The Australian Government made its first COVID-19 declaration on 21 January advising that COVID-19 was a disease with pandemic potential. This decision pre-empted the World Health Organisation and allowed the government to commence a range of actions to prepare the health system for the potential situation.
The first travel advice for people returning from China came soon after and by 1 February the first 14-day isolation requirements had been introduced. These restrictions continued to increase throughout February until finally all international travellers became subject to the self-isolation requirements. By 19 March, all non-residents were banned from travelling to Australia – our borders were effectively closed.
The government announced funding in early March, committing with the states to $100 million for the public health response. This increased with a further $2.4 billion on 11 March.
A day later the first economic stimulus package was announced with $17.6 billion to support businesses. This included the apprentice wage subsidy, the instant asset write-off, a loan guarantee for small businesses, accelerated depreciation for all business and a PAYG rebate.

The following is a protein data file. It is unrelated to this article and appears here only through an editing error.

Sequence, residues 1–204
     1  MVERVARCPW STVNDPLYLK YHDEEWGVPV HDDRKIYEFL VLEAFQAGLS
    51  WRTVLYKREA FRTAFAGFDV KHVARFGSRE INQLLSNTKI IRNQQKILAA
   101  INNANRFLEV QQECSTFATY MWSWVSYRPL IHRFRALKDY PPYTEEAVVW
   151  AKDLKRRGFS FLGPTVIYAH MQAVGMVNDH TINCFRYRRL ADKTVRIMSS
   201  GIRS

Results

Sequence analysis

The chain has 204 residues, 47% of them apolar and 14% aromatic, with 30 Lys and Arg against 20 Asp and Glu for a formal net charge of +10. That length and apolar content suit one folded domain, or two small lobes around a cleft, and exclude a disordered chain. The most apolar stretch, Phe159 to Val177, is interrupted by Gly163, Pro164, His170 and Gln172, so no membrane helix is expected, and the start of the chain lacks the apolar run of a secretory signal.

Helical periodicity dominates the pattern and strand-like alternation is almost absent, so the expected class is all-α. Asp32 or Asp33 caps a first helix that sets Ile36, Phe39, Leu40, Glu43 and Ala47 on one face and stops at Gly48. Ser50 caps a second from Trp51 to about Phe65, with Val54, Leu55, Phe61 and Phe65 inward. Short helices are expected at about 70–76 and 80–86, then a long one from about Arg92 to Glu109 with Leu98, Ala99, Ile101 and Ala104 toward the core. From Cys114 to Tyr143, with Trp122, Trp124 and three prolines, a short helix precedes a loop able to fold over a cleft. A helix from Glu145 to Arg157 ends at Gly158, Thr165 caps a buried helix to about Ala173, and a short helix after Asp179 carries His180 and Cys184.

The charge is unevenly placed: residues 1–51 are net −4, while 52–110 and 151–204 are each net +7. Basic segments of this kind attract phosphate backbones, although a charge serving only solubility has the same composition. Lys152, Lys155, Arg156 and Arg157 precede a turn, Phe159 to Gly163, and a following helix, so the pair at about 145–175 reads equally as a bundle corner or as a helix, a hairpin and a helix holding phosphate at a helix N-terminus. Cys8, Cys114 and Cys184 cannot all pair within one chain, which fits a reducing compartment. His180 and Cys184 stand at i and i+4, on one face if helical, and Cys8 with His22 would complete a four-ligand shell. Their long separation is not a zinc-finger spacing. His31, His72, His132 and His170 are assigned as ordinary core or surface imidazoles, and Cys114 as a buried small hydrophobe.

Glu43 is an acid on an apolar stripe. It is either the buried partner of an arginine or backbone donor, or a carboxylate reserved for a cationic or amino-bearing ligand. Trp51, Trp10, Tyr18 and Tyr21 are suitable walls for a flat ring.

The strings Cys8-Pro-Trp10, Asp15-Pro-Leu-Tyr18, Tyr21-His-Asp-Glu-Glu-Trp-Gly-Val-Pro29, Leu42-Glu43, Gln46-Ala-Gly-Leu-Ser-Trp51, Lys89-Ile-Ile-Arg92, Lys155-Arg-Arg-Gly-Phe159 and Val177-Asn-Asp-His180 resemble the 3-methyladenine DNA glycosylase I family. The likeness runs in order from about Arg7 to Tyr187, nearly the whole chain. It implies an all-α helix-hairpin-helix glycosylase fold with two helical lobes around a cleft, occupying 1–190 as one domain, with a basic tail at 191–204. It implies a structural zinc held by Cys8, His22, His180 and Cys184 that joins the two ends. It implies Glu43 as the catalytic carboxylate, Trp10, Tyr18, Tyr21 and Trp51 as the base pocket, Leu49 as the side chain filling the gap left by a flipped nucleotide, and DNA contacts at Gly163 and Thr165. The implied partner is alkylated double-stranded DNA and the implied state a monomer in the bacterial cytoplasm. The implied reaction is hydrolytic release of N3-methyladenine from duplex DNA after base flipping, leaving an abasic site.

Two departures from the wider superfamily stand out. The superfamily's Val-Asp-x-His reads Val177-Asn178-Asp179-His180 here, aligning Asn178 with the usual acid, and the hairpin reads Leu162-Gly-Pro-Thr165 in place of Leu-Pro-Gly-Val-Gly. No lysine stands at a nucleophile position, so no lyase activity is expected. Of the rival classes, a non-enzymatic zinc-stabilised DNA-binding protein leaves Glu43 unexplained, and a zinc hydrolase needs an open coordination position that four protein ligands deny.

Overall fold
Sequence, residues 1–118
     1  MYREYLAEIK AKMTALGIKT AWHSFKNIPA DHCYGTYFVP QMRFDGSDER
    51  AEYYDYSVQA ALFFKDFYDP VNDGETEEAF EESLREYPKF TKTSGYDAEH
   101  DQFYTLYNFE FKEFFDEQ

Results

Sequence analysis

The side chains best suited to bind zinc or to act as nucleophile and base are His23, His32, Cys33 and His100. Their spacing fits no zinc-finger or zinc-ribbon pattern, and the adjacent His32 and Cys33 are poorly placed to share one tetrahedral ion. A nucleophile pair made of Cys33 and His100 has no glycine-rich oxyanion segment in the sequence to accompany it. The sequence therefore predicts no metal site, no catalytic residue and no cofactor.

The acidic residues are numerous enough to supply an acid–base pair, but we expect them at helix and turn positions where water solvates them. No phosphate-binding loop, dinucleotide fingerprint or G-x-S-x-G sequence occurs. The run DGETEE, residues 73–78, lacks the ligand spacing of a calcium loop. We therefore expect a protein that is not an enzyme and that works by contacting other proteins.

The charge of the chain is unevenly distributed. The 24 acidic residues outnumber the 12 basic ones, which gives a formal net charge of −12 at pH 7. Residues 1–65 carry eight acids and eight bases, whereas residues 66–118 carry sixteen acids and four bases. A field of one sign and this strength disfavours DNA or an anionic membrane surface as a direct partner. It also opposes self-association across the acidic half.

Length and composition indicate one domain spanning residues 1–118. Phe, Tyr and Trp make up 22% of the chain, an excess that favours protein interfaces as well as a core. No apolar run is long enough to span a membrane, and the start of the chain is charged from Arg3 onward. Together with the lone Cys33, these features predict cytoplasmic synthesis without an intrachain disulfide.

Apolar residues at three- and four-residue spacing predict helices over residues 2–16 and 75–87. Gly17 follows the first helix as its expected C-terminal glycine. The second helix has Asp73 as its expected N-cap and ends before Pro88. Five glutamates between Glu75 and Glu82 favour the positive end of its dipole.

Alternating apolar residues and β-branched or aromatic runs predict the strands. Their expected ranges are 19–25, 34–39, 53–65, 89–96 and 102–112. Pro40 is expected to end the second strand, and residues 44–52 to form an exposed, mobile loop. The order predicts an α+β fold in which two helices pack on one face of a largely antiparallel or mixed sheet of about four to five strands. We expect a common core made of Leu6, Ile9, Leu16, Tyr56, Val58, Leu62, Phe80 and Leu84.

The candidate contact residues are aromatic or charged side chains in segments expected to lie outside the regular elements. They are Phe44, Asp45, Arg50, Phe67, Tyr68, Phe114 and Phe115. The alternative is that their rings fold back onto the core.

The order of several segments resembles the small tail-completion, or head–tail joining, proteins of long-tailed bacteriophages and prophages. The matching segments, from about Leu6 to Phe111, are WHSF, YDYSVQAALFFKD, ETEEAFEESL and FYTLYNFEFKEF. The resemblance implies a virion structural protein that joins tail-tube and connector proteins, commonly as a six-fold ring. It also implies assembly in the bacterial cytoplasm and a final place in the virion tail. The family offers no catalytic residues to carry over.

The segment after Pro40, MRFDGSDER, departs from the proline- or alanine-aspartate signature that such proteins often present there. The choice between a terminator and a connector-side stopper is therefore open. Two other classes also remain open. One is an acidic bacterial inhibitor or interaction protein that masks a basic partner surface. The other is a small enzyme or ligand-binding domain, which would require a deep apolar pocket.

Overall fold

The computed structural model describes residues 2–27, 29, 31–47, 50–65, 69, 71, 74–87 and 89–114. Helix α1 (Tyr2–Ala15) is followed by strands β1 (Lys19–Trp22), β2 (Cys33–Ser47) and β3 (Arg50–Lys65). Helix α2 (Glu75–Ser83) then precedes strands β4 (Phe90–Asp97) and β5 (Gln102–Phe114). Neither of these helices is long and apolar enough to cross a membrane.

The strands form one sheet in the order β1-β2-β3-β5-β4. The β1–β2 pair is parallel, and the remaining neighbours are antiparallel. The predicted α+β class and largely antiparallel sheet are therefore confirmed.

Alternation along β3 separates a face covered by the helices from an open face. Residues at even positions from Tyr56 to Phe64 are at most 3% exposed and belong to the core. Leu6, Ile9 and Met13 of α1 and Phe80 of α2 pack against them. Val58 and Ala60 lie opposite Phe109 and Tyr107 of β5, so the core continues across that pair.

At this time, the first restrictions on public movement were introduced with non-essential gatherings of 500 or more people banned.
The establishment of the national cabinet was also announced with its first meeting held on 15 March. The National Cabinet has continued to meet each week to provide regular updates from the Prime Minister and the states and territories.
The Australian Government and each state and territory government has since taken specific steps to support businesses and individuals. These measures were targeted at stabilising business activity and supporting individuals unable to work due to the restrictions on non-essential public gatherings and travel.
Collectively, these announcements represent several billions of dollars worth of spending, much of which will see future revenue foregone completely, while some is expenditure brought forward into the current financial year. As this story goes to print, the extent of the economic impact coronavirus will have on the Australian and the global economics is unknown, but the predictions are telling, particularly for housing this year and into 2021.